"When we really started to examine our operations, we realized there were some opportunities for standardization — from consolidating part numbers, to evaluating stocked material sizes, to examining where we stored the 1,100 dies, to marrying certain dies to certain processes," says John Staple, production manager at De-Sta-Co. Replacing traditional strap clamps with one of the company's own products, Carver clamps, reduced setup time by 90%.

"The beauty of the Carver T-slot clamps is that once you outfit them to a particular press, a single T-wrench is all that is needed to tighten and loosen them," says Staple. "The clamps easily and quickly adjust up and down on the bases to adapt to variation in die sizes and shut heights. They also clamp at various angles, not just 90° like most clamps.

"In addition, we store the clamps on a mounting rack on the side of the press when not in use, so operators don't waste time looking for them," adds Staple. Company diesetters no longer spend time searching for other hardware such as nuts, bolts, spacers, and assorted wrenches.

The Carver clamps also eliminate problems concerning torque specs. Production personnel no longer over-torque clamps, which can fatigue fasteners. A fatigued clamp causes improper die locating and allows dies to come loose.

De-Sta-Co Industries

System cleans up railroad's chip problem
A COMMUTER RAILROAD IN THE NORTHEAST WAS FACING safety and ergonomic challenges when grinding and milling train wheels back into shape. At its New York facility, metal chips shed from a 40-year-old wheeltruing machine were blown by compressed air into a pit underneath the machine. Cleaning the pit was labor intensive, and blown chips caused maintenance problems. The solution was a central vacuum system.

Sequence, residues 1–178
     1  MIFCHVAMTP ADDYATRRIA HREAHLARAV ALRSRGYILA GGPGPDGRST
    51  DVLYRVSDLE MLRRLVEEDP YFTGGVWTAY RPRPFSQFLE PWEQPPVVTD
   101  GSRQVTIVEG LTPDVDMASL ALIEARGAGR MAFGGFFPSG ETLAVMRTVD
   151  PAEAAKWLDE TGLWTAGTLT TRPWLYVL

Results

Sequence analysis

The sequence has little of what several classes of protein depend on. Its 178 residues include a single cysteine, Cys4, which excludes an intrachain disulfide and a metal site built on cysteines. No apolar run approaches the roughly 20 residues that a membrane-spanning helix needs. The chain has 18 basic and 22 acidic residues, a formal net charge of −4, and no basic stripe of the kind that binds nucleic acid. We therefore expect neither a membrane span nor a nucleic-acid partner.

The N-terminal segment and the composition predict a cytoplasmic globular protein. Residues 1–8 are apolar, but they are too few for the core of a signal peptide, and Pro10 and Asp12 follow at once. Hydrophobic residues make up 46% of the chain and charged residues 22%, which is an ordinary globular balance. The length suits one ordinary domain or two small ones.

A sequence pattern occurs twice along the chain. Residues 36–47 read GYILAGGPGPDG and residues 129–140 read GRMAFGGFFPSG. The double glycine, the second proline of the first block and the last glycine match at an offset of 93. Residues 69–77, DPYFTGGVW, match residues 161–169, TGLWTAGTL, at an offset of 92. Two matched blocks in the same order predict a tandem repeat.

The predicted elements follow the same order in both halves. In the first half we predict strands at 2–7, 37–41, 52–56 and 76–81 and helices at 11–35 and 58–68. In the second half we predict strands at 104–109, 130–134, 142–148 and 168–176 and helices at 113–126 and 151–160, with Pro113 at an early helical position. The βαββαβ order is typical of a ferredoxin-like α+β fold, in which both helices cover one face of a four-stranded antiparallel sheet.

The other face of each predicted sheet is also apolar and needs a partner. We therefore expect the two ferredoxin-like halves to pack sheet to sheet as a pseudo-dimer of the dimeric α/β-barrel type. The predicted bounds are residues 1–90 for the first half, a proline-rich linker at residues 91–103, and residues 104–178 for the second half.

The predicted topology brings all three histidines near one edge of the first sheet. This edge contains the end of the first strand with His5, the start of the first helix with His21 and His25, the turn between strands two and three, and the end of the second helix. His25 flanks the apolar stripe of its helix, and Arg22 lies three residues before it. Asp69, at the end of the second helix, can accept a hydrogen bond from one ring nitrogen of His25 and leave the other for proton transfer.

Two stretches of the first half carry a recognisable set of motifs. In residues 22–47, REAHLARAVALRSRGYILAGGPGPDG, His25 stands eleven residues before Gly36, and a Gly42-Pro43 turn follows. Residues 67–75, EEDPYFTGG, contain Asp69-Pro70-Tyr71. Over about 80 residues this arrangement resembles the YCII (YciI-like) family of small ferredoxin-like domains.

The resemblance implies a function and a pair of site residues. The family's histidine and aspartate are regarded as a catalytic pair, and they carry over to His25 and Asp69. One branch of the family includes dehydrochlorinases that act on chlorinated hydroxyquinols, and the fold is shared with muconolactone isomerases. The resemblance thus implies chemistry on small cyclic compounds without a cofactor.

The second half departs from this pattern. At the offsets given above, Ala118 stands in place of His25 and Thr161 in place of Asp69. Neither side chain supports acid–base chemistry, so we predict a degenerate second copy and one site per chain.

Facility workers would crawl into the pit and shovel metal chips into buckets, which were hauled up. The space was narrow, and workers could barely maneuver in it. In addition, machinists operating the machine stood above a noisy blower on a grating above the pit. As if this wasn't bad enough, the machine manufacturer no longer recommended blowing chips because they lodged in the machine's gears, slides, tracks, and bearings. Teaming up with the machine manufacturer and Vac-U-Max, the railroad replaced the antiquated blower system with a central vacuum system and vacuum-sealed, self-dump hopper. Instead of blowing chips using a network of pipes, the railroad sucks them up with a rotary lobe positive-displacement pump for heavy materials.

"Vacuum pressure at the machine cutting head draws off smoke and carbide dust," points out David Kennedy, director of sales at Vac-U-Max. "Cleanup is much more efficient since chips are removed from the machine's topside surfaces rather than being pushed around and into inappropriate locations. The pit is now cleaned in a fraction of the time it once took, and the noise is significantly less, which lets operators better judge machine operation by the sound of the cutting head on the wheel."